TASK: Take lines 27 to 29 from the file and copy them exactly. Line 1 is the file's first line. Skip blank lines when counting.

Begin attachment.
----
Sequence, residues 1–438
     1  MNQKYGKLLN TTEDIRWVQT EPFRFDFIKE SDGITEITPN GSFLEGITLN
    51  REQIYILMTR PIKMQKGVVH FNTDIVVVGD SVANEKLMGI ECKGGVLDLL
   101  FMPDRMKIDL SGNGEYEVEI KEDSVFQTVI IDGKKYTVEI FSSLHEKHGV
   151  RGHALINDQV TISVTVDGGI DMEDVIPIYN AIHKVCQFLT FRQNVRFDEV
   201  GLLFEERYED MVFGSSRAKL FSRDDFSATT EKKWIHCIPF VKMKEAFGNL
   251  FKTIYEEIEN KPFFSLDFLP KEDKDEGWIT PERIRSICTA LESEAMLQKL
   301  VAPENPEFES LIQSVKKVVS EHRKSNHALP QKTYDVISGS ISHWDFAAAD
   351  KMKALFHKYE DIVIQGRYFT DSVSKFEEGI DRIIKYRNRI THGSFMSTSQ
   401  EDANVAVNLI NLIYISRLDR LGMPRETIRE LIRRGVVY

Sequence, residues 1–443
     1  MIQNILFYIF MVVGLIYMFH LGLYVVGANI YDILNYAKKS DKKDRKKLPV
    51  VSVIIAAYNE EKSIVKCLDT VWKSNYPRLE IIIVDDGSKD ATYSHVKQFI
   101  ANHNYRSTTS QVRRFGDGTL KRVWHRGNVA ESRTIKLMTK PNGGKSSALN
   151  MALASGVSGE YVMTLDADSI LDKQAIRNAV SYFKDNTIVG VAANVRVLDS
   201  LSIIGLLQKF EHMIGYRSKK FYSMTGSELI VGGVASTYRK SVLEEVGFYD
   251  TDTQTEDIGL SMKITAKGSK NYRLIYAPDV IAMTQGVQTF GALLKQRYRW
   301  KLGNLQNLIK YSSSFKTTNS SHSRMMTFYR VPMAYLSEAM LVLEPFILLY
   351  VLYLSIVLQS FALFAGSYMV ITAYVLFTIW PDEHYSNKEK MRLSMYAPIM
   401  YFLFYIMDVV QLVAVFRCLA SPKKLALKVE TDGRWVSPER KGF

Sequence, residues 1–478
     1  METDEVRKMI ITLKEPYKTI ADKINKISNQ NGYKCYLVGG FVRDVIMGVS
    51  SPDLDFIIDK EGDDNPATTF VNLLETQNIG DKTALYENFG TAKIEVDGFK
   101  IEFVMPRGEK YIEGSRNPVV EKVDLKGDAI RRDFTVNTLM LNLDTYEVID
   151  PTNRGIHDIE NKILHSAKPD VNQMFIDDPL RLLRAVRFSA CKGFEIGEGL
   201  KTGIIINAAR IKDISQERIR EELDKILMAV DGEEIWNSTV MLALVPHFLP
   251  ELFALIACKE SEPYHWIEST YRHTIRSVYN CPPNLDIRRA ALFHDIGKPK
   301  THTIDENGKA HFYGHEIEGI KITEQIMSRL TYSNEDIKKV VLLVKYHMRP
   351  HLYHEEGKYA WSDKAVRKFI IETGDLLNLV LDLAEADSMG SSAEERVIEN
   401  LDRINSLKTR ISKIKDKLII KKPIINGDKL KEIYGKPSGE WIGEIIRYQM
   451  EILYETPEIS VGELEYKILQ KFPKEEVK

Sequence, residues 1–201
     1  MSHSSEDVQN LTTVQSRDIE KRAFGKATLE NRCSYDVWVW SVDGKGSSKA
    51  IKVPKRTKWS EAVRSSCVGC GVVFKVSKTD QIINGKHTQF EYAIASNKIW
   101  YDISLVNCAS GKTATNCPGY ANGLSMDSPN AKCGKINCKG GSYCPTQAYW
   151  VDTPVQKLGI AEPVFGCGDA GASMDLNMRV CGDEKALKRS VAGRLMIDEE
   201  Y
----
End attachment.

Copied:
   251  ELFALIACKE SEPYHWIEST YRHTIRSVYN CPPNLDIRRA ALFHDIGKPK
   301  THTIDENGKA HFYGHEIEGI KITEQIMSRL TYSNEDIKKV VLLVKYHMRP
   351  HLYHEEGKYA WSDKAVRKFI IETGDLLNLV LDLAEADSMG SSAEERVIEN